What I have to say about this session is limited, I fear, as I was presenting myself, and I find it hard to take in other papers when my mind’s on not splitting my trousers on stage. I mean no disrespect to my fellow presenters, and hope they understand. I’ve reconstructed a lot of this from the Twitter archive on Symplur.
In the first presentation, Danielle Rabb from CADTH, spoke on Single drug vs multiple intervention reviews: trends in systematic searching. When searching for multiple interventions searches can become quite complicated. They tend to use very broads PICOs. Useful resources from her paper included their grey literature checklist, Grey Matters, the Cochrane Handbook, Cochrane's Methodological Expectations for Cochrane Intervention Reviewsand the European Νetwork for Health Technology Assessment's Guidelines for Information Retrieval. CADTH themselves, as well as Grey Matters, offer other tools for searchers, the Peer Review of Electronic Search Strategies (PRESS) instrument and their filters, all available on their Literature Searching Tools in Support of Systematic Reviews page.
My paper, co-authored with Igor Brbre and Rachel Playforth, was What do users perceive to be the strengths and weaknesses of librarian- mediated and unmediated evidence/knowledge searches? We hope to publish, so, very briefly, we surveyed those who had evidence searches from Brighton and Sussex NHS Library and Knowledge Service in 2016, to see what they thought were the strengths of mediated searches. We found that librarians’ searches were perceived to be significantly better for all the attributes we asked about, expect for one, the understanding of the search question. What can we do about this? More attention to the reference interview, perhaps. I set the scene, while Rachel bore the brunt of the presentation. We kept Igor in reserve to answer the awkward questions.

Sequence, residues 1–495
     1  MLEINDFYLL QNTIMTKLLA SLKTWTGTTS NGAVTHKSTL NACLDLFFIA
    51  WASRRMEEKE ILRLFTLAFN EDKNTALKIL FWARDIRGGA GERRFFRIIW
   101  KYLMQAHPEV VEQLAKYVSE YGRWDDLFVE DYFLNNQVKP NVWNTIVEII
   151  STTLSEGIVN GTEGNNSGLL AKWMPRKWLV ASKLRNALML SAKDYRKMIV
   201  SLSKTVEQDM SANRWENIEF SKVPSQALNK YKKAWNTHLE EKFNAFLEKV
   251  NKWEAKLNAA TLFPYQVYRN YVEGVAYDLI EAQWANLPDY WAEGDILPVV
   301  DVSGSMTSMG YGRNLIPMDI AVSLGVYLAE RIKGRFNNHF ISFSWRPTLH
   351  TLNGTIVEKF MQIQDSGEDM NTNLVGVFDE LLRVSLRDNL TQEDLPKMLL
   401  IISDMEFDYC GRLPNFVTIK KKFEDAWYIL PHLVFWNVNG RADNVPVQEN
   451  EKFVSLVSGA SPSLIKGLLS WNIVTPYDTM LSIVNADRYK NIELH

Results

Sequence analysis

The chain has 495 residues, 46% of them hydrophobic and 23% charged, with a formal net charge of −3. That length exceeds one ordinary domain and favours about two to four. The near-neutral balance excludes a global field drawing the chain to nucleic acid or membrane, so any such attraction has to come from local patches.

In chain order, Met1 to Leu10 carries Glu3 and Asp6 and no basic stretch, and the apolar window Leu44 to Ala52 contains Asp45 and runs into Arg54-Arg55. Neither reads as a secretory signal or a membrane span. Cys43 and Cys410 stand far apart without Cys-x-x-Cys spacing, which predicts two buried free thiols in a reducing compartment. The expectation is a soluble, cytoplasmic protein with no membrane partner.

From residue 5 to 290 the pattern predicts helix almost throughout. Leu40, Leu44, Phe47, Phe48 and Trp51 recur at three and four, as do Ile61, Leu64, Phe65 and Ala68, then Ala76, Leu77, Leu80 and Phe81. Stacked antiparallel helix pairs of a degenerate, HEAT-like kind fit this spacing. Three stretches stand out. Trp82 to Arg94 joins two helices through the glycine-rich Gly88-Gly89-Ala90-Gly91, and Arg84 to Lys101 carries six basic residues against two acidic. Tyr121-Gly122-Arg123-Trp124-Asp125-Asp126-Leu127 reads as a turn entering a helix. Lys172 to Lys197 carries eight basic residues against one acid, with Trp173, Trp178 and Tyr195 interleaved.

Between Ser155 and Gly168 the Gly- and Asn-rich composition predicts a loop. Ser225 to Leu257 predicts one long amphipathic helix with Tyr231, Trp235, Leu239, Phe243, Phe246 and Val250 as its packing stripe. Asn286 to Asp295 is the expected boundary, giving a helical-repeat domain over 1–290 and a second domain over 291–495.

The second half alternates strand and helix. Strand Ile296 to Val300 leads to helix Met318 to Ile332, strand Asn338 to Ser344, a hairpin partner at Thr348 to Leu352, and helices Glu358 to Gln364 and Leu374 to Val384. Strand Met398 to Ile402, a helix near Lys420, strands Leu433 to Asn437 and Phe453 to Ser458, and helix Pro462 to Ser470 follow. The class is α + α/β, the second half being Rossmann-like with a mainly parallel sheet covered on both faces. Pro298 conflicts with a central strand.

Wichor Bramer presented Comparing the effectiveness of conceptual search methods: is a fast approach sufficient for the production of (sound) systematic reviews: a prospective, double- blinded, controlled study. Wichor's methods, which allow him to construct a systematic review search strategy in 70 minutes, are controversial, but full marks to him for putting them to the test with his co-authors Melissa Rethlefsen and Margaret Sampson. So far he’s tested his method with three searchers, all of whom missed some relevant papers, but he’s looking for more volunteers to join the study; I’d suggest contacting him on Twitter if you’re interested.
Finally, Mark Clowes, now working at ScHARR , spoke on What’s the prognosis for health librarianship? The role of the information specialist in a prognostic review. Mark has moved from being a traditional liaison librarian role to an embedded librarian, a co-producer of research. He told us of his involvement in a Health Technology Assessment in rheumatoid arthritis, which tried to assess which patients were more likely to develop severe symptoms. He used the text mining tool VOS Viewer to look for additional candidate markers of rheumatoid arthritis, which gave some reassurance that major search concepts had been covered, .
At the end we took part in a panel for questions and answers; I’m afraid panel discussions reduce me to a gibbering state. It’s like a job interview, but in front of a panel of several hundred people. I think I coped with the questions reasonably well, but don’t ask me what they were. There’s no evidence of any gaffes on Tiwtter, at least. We were fortunate in our session chair, Marshall Dozier, past president of EAHIL, who put us at our ease and encouraged us.